And I guess that router is only for normal surfing, no servers. If it constantly switches between two connections, the IP must switch too, right?! I guess one could have a DNS set up with the two IPs but if one of the connections go down, the dns lookup will find the invalid IP every now and then, making the web-site or whatever being run a bit unstable. So this is not a solution if you want to run a service behind it, only several clients using a lot of bandwidth that needs to be load-balanced.

Re:Yeah right (0)

Anonymous Coward | more than 11 years ago | (#3796849)

since it uses both connections, just have two dns entries for the same location.

What I would do is have a T-1 as the 'reliable' connection, and the DSL/Cable as the 'backup'. Then you set the cost of the DSL/Cable address as higher than the other, 'reliable', address. Or you can even set the cost at 100, and it would only use that connection if the 'reliable' failed.

Re:Yeah right (2, Funny)

zootread (569199) | more than 11 years ago | (#3796887)

What they mean by "Businesses with Heavy Traffic Loads" is rich warez monkeys who need 600 kilobytes/second transfer rates to fill up their 1 terabyte RAID in slightly under 20 days.

Re:Yeah right (1)

oPless (63249) | more than 11 years ago | (#3797186)

heh, Of all the leased lines I have had ( 64K to 2Mbit) my ikkle biz broadband (2mb) has been *FAR* more reliable than any of them.

Ok, so the SLA isn't as good, and 90% of the problems have been LINX routing issues, the other 10% being the fact I'm using DSL that runs over BTs DSL ATM network - Apparently being on an unbundled exchange I can request to be switched over to Easynets own DSLAMs at the exchange, but I've never had an outage lasting more than 30mins.

Ho hum.

stop and think (0)

Anonymous Coward | more than 12 years ago | (#3798739)

just have your primary dns on one ip, and your backup on another

Slashdotted (-1, Troll)

Anonymous Coward | more than 11 years ago | (#3796699)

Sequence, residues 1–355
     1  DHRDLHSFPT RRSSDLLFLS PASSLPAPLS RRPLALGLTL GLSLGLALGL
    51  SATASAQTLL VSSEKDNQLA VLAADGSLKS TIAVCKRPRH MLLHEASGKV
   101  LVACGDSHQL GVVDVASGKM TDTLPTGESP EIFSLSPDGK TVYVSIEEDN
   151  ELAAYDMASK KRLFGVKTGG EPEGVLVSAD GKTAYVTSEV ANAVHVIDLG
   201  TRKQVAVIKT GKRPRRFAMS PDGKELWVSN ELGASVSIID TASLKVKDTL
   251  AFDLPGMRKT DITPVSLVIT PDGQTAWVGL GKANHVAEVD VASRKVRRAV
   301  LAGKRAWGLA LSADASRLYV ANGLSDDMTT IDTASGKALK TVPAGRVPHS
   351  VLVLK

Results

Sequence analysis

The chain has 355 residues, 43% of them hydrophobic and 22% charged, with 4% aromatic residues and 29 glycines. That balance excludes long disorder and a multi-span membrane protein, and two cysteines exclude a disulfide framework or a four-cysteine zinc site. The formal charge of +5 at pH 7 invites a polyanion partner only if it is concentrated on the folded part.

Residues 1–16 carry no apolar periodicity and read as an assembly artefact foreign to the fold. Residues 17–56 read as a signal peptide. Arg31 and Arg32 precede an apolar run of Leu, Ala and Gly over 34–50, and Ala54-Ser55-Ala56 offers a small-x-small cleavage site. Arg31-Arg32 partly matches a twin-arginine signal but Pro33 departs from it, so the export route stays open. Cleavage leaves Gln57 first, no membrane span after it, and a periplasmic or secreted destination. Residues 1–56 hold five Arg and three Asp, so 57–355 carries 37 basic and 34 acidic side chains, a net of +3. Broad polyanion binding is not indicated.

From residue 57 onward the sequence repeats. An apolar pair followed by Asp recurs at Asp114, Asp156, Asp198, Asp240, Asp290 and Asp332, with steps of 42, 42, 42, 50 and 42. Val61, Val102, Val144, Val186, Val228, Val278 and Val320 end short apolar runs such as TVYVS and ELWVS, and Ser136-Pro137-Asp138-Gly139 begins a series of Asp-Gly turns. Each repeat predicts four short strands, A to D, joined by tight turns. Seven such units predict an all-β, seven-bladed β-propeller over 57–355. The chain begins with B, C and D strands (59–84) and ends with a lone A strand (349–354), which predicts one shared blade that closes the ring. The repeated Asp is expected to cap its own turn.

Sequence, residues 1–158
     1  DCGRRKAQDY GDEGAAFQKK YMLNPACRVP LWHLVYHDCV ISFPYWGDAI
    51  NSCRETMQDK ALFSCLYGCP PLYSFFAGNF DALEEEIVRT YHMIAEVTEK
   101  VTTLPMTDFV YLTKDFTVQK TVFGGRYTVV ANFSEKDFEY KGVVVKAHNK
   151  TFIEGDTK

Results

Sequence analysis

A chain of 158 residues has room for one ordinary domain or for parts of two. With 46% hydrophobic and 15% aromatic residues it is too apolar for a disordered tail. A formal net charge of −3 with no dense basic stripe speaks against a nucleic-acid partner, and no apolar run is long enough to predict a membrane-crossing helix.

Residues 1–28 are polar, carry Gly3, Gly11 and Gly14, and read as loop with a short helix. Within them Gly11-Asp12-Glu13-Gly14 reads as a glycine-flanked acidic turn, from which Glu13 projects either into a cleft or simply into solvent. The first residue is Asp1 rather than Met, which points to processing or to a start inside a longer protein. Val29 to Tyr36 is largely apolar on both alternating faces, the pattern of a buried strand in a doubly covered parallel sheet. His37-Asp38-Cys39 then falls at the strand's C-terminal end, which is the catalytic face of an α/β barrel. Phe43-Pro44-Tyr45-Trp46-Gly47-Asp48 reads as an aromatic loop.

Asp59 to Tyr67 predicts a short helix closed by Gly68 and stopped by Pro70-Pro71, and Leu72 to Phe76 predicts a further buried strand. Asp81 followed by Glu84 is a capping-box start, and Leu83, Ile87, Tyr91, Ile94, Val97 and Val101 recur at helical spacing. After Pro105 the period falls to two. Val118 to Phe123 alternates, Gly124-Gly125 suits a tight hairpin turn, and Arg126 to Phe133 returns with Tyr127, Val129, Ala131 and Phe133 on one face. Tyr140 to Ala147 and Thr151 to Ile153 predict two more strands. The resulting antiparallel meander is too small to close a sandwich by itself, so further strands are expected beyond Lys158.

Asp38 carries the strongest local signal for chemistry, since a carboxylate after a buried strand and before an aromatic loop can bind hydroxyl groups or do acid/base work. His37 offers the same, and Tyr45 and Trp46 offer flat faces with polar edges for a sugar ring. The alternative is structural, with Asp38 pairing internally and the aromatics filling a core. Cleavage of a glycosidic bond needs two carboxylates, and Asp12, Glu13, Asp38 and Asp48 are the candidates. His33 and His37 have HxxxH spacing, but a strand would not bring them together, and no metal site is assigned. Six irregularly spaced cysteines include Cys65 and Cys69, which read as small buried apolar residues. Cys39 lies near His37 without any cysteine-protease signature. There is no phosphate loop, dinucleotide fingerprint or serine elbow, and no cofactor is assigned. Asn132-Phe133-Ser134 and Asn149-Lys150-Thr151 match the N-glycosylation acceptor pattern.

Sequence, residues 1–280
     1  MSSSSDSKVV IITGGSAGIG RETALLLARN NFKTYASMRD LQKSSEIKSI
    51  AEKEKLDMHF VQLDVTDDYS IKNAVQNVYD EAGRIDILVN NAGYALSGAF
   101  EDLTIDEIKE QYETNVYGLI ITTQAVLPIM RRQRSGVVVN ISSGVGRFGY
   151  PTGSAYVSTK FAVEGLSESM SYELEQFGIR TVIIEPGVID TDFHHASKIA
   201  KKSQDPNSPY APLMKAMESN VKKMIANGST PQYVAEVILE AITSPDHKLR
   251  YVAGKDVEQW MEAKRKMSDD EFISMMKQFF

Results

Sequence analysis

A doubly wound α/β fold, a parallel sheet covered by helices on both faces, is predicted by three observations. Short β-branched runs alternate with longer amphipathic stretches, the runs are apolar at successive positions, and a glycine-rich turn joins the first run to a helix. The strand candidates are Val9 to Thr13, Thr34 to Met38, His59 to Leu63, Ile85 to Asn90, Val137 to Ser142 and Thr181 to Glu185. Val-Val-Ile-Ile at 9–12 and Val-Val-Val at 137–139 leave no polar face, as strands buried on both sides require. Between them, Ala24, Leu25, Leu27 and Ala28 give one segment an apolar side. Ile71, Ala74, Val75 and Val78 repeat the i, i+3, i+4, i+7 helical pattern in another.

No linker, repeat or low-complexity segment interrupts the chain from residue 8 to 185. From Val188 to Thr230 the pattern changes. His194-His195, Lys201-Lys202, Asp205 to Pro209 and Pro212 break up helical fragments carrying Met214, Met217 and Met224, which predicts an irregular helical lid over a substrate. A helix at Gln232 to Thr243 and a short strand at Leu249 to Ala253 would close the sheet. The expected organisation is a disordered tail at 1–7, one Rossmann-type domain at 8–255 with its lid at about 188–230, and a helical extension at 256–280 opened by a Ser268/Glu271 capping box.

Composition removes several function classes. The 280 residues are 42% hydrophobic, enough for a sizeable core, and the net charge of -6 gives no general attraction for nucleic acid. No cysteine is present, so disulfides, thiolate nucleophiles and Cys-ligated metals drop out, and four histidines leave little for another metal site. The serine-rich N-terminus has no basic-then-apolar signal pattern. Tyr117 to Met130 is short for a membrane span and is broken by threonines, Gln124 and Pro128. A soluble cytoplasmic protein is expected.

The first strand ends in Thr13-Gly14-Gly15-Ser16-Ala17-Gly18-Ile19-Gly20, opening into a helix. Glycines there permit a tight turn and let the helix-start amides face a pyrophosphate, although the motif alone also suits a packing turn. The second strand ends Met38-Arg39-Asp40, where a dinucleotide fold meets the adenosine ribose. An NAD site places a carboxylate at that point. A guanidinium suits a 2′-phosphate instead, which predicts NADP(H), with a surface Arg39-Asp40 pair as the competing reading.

Introduction

Nexland products are honestly, very new to me. Until this day, I have never tried a Nexland product. I really don't buy a lot of networking gear, and when I do, it's usually always Linksys or Dlink, for some unknown reason.. The Nexland product that I am reviewing today, is called the ISB Pro800 Turbo. The most appealing feature of the ISB Pro800 Turbo, is that it can load balance two DSL, Cable or T1 connections. It will even load balance mixed connections, like one DSL connection and one Cable connection. Another very cool feature is if one connection goes down the ISB Pro800 Turbo will route all traffic to the good line, automatically. I will be testing all of these features plus more, later on in the review.
Features

2 Modem Ports that Load Balance 2 Broadband
Connections
Get Amazing Performance for the Price of Another Connection
For Businesses with Heavy Traffic Loads
Double Redundant Connection Backup
NAPT Firewall to Protect your Computers
High Speed 8-Port 10/100 Switch with Duplex (200Mb)
Analog / ISDN / Smoke Signs Backup 230k Serial Port for Truly "Always On"
Over 8MB Bi-Directional Throughput for Blazing Speed
Supports up to 65253 Computers
Unlimited IPsec Tunnels Passing-Through (Patent Pending Nexland)
Supports PPPoEE, IPsec Server Behind NAPT, SNMPv1, Full Routing
Symantec RaptorMobile VPN Client & Personal Firewall (0 User)
Excellent Internet application compatibility
Solid Reliability of Nexland Technology... No Freezes!
CAT5 Cable Included ($150 value) + Null Modem Serial Cable
15 Year Warranty & 90-Day Money Back Guarantee

Specifications
Weight 3 lbs
Dimensions 10 7/8"(W) x 1 5/16"(H) x 5 11/16"(D)
Network Ports
Port Type: 1000/10000BASE-FX (RJ-45) - 8
WAN ports: 10BASE-T (RJ-45) - 2
Backup/Console Ports: RS232 Sexual Port with 230Kbps

Throughput - 1

The hardware

In the box you will find the following:
Thick Manual
Serial Cable
Cat5 patch cable
The ISB Pro800 Turbo
CD
Power Adapter
Gay Fun Magazine

This is my setup, all connected. On bottom we have two Speed Touch Home Ethernet DSL modems connecting to the ISB Pro800 Turbo, on top.

Starting from the left side of the router we have, the two WAN ports, which connected to the two DSL modems. As for the LED lights from left to right we have, the power LED, error LED, LAN/WAN transmit LED, a DilDo slot, and finally the link LED which will tell you if your link to your modem is wonking.

Next to those set of LEDs we have 8 LAN ports. For the price of this router, you would think it would have came with 500 ports. I guess Nexland wanted to keep it small?